• [0033]
    FIGS. 5A and 5B are cross sectional views of two different types of RFID built-in cables used in this invention;
  • [0034]
    FIG. 6 schematically shows a cable identifying system according to this invention, wherein the fabrication of RFID built-in cable is illustrated;
  • [0035]
    FIG. 7 schematically shows a cable identifying system according to this invention, wherein the way of RFID built-in cable being cut out is illustrated;
  • [0036]
    FIG. 8 schematically shows a cable identifying system according to this invention, as applied for laying out RFID built-in cable in a power plant;
  • [0037]
    FIG. 9 shows how the information processor of the cable identifying system according to this invention displays the information useful in cable layout;
  • [0038]
    FIG. 10 schematically shows a cable identifying system according to this invention, as applied for inspection and removal of RFID built-in cable already laid out in a power plant;
  • [0039]
    FIG. 11 shows how the information processor of the cable identifying system according to this invention displays the information useful in cable inspection and removal; and
  • [0040]
    FIG. 12 shows the structure of an antenna used in an RFID reader according to this invention.
  • DESCRIPTION OF THE EMBODIMENTS
  • [0041]
    Embodiments of this invention will now be described with reference to the attached drawings.
  • [0042]
    FIG. 1 is a flow chart illustrating how a cable identifying system used with RFID built-in cable according to this invention, is operated.
  • [0043]
    Individual steps will be described in detail in the following.
  • [0044]
    RFID tags are first introduced in a cable fabricating line (step 111) and the individual ID's of the introduced RFID tags are then read out successively (step 112).
  • [0045]
    Structural examples of a cable having RFID tags built therein, used in this invention will be described with reference to FIGS. 4, 5A and 5B.
  • [0046]
    In order to attach RFID tags onto a cable to be fabricated, RFID tags 41 are attached onto the internal structure of the cable before the last stage of cable fabricating process wherein sheath serving as the outermost layer of the cable is fabricated. For example, RFID tags may be directly stuck onto the insulation resin layer 43 of strand wires (conducting wires), or alternatively onto the structural material which serves to stabilize the shape of the bundle of the strand wire insulation resin layers 43, as described later with reference to FIG. 5(a). Then, the structural material with the RFID tags stuck thereon is passed to a step of fabricating sheath 42, with the result that cable having RFID tags within the sheath 42 is finally obtained.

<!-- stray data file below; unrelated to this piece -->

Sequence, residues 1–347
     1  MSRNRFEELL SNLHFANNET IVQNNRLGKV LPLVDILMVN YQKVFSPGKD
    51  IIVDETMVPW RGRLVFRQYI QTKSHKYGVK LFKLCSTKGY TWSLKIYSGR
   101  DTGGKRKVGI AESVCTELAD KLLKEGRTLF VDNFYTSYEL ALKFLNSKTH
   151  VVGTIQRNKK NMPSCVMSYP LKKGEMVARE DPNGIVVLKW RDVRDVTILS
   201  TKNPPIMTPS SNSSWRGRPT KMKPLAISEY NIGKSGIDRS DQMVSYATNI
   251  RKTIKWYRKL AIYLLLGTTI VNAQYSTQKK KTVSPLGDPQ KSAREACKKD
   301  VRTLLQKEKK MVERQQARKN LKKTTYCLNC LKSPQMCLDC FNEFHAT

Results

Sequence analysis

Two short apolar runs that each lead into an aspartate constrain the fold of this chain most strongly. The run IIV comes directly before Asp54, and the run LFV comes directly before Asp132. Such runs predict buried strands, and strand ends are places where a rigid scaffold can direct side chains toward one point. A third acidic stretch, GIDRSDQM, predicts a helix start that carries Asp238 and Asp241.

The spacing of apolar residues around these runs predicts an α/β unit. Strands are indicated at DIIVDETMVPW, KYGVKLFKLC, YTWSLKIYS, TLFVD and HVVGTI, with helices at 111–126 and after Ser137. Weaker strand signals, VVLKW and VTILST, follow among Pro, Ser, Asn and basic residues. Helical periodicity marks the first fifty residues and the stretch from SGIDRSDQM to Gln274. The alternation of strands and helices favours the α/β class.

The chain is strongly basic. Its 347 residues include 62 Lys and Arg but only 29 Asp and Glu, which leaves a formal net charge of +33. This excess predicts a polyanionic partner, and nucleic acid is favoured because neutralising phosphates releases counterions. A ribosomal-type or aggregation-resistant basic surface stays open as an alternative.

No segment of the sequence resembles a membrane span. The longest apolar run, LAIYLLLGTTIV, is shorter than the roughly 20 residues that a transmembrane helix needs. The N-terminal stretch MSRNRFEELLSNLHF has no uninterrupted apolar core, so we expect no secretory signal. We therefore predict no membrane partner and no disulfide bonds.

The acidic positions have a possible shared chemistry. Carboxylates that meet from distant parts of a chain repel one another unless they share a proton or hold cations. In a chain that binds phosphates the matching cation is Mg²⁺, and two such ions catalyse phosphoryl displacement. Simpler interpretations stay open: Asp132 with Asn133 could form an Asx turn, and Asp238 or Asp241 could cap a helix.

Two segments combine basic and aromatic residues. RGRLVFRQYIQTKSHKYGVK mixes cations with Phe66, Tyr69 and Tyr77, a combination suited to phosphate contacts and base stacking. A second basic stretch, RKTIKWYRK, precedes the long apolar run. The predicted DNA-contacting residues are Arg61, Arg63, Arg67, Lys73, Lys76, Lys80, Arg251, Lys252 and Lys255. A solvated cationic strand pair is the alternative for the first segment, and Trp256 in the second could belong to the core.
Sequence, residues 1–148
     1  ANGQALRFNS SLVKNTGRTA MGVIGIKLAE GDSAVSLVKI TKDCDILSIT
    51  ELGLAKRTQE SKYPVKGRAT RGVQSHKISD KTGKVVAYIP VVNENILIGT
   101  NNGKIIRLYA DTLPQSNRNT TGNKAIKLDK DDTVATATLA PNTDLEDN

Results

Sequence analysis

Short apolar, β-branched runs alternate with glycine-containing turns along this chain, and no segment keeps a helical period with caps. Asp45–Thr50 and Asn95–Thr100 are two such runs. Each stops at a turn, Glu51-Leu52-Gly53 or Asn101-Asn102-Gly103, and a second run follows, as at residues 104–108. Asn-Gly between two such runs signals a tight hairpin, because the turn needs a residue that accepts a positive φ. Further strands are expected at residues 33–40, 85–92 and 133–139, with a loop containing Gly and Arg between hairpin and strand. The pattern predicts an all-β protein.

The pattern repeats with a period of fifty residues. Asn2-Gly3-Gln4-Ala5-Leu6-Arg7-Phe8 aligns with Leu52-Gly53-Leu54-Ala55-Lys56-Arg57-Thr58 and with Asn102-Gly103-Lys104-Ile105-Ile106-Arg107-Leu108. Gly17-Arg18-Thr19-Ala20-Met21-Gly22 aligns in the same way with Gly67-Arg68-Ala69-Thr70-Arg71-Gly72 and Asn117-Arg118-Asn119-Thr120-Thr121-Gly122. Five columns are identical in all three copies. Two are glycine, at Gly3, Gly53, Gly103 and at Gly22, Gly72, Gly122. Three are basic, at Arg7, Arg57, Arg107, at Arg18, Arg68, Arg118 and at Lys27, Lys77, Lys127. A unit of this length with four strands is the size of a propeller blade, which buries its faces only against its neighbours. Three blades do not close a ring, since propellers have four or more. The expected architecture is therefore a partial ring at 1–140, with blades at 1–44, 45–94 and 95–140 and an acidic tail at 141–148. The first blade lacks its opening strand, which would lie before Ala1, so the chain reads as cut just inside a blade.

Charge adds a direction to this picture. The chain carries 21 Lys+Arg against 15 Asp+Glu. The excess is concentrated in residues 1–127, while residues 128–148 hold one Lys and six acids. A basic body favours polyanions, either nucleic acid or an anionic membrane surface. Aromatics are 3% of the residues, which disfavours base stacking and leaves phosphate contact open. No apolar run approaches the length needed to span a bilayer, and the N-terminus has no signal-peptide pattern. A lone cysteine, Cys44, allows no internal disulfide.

• [0047]
    With this constitution, RFID tags can be prevented from falling off the cable and moreover mechanical or thermal impact imposed externally on the RFID tags is mitigated so that the intended function of the RFID tags can be advantageously secured over a long period of time. If another method is employed wherein RFID tags are embedded in the sheath 42, there will be a high probability that cracks may originate at the points where the tags are embedded. According to the method embodying this invention, however, wherein the tags are put inside the sheath, such a problem of cracking will not arise.
  • [0048]
    FIGS. 5A and 5B show in cross section the structures of cables used in this invention.
  • [0049]
    These cross sectional views illustrate the relative positioning relationship between RFID tag and the center of strands. In FIG. 5A, strand wires (conductor wires) 54 are covered by strand wire insulation resin layers 53; the strand wires 54 with their insulation resin layers 53 (this composite structure being hereafter referred to simply as cable strands), six in number, are bundled together around a central insulation resin strand 56 for keeping the form of the bundle; and the bundle is wrapped with a strand bundle covering 55. RFID tags are stuck onto the strand bundle covering 55 and a sheath 52 finally covers the strand bundle covering 55 with RFID tags stuck thereon. With this structure, the distance between an RFID tag and the outer surface of the sheath 52 can be made as short as possible so that communication can be facilitated between an RFID tag and the reader for reading out the information stored in the tag.
  • [0050]
    In FIG. 5B, unlike FIG. 5A, the central insulation resin strand 56 serving as a means for keeping the form of the strand bundle as shown in FIG. 5A is replaced in position by that one of six cable strands each composed of strand wires 54 and their insulation resin layer 53, which is located beneath the RFID tag. By doing this, the distance between an RFID tag and the nearest strand wire 54 can be made as large as possible so that the interference of electromagnetic waves can be prevented when information is read out from the RFID tag in a wireless fashion.
  • [0051]
    Now, with reference to FIG. 6, a step (step 113 shown in FIG. 1) will be described of storing into a server (not shown) the individual ID's and location data memorized in all the RFID tags built in a wound-up cable.